* yank nthcdr Exercises::       The @code{kill-ring-yank-pointer} variable.

Loops and Recursion

* while::                       Causing a stretch of code to repeat.
* dolist dotimes::
* Recursion::                   Causing a function to call itself.
* Looping exercise::

@code{while}

* Looping with while::          Repeat so long as test returns true.
* Loop Example::                A @code{while} loop that uses a list.
* print-elements-of-list::      Uses @code{while}, @code{car}, @code{cdr}.
* Incrementing Loop::           A loop with an incrementing counter.
* Incrementing Loop Details::
* Decrementing Loop::           A loop with a decrementing counter.

Details of an Incrementing Loop

* Incrementing Example::        Counting pebbles in a triangle.
* Inc Example parts::           The parts of the function definition.
* Inc Example altogether::      Putting the function definition together.

Loop with a Decrementing Counter

* Decrementing Example::        More pebbles on the beach.
* Dec Example parts::           The parts of the function definition.
* Dec Example altogether::      Putting the function definition together.

Save your time: @code{dolist} and @code{dotimes}

* dolist::
* dotimes::

Recursion

* Building Robots::             Same model, different serial number ...
* Recursive Definition Parts::  Walk until you stop ...
* Recursion with list::         Using a list as the test whether to recurse.
* Recursive triangle function::
* Recursion with cond::
* Recursive Patterns::          Often used templates.
* No Deferment::                Don't store up work ...
* No deferment solution::

Recursion in Place of a Counter

* Recursive Example arg of 1 or 2::
* Recursive Example arg of 3 or 4::

Recursive Patterns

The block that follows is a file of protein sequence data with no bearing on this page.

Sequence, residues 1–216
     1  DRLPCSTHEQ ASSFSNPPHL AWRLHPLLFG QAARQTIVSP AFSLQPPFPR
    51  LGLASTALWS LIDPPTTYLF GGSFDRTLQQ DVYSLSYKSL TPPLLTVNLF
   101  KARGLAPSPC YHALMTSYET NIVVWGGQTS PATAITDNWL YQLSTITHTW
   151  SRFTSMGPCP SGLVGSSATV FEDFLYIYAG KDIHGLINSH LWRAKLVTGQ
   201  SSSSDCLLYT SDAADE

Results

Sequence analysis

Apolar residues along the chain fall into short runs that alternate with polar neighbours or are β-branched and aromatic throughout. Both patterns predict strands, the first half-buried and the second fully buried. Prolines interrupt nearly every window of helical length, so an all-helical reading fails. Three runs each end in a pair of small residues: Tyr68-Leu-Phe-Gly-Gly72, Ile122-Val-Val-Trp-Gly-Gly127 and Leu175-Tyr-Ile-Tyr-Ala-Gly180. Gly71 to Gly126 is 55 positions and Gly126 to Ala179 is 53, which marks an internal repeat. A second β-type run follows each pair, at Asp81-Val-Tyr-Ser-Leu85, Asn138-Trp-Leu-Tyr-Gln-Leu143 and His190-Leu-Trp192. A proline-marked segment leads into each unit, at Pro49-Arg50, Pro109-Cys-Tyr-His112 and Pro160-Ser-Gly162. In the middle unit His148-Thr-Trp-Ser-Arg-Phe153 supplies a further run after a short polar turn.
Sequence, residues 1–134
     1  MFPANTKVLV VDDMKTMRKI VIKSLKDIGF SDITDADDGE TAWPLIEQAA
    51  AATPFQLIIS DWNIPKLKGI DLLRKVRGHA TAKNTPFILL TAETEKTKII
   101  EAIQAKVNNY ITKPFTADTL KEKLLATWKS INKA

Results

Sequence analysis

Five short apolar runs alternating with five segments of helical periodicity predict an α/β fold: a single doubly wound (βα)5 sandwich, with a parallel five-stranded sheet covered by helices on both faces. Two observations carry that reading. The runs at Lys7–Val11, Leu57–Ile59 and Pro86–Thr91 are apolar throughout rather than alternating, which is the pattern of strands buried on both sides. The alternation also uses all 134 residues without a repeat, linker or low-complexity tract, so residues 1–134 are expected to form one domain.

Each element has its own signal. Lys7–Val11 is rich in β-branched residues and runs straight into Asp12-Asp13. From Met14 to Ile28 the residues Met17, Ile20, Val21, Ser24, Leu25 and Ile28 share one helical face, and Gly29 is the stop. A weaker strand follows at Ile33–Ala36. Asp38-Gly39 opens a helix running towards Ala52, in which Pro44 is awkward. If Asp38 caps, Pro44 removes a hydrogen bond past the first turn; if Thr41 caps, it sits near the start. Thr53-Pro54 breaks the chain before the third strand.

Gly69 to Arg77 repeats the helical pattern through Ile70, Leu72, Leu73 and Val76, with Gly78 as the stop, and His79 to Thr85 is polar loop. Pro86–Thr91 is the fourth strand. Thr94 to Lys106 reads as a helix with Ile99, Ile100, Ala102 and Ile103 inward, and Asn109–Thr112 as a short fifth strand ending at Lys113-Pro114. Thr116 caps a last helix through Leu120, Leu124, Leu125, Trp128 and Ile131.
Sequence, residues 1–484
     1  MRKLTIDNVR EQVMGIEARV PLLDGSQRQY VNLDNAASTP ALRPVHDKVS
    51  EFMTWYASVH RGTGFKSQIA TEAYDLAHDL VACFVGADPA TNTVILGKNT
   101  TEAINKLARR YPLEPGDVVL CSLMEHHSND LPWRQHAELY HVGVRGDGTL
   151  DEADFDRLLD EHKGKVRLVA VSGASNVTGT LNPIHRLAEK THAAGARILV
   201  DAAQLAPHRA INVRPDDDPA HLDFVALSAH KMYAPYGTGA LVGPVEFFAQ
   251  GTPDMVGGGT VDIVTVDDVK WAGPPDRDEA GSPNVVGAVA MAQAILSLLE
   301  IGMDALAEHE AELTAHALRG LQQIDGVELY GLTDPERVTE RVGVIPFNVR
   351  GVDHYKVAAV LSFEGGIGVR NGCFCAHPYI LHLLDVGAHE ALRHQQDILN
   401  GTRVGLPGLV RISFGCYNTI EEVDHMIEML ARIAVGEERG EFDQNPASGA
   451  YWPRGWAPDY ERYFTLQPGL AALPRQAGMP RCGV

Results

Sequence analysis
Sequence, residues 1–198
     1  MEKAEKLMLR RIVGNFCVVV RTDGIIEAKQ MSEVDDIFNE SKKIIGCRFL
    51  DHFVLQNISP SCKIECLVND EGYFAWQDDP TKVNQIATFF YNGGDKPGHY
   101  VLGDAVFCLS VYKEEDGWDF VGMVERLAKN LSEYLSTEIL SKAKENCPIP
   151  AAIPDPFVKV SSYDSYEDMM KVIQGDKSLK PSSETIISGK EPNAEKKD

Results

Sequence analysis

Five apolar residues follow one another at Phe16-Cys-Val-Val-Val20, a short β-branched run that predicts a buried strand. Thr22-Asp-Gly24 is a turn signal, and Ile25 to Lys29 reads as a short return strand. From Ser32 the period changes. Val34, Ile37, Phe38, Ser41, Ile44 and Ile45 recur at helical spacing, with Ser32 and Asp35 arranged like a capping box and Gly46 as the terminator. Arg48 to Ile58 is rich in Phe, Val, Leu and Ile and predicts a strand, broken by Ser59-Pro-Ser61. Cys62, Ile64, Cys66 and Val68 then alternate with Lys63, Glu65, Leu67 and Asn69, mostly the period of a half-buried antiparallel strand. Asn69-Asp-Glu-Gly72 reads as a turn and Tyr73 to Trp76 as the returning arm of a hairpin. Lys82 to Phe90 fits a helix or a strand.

* Every::
* Accumulate::
* Keep::

Regular Expression Searches

* sentence-end::                The regular expression for @code{sentence-end}.
* re-search-forward::           Very similar to @code{search-forward}.
* forward-sentence::            A straightforward example of regexp search.
* forward-paragraph::           A somewhat complex example.
* etags::                       How to create your own @file{TAGS} table.
* Regexp Review::
* re-search Exercises::

@code{forward-sentence}

* Complete forward-sentence::
* fwd-sentence while loops::    Two @code{while} loops.
* fwd-sentence re-search::      A regular expression search.

@code{forward-paragraph}: a Goldmine of Functions

* forward-paragraph in brief::  Key parts of the function definition.
* fwd-para let::                The @code{let*} expression.
* fwd-para while::              The forward motion @code{while} loop.

Counting: Repetition and Regexps

* Why Count Words::
* count-words-region::          Use a regexp, but find a problem.
* recursive-count-words::       Start with case of no words in region.
* Counting Exercise::

The @code{count-words-region} Function

* Design count-words-region::   The definition using a @code{while} loop.
* Whitespace Bug::              The Whitespace Bug in @code{count-words-region}.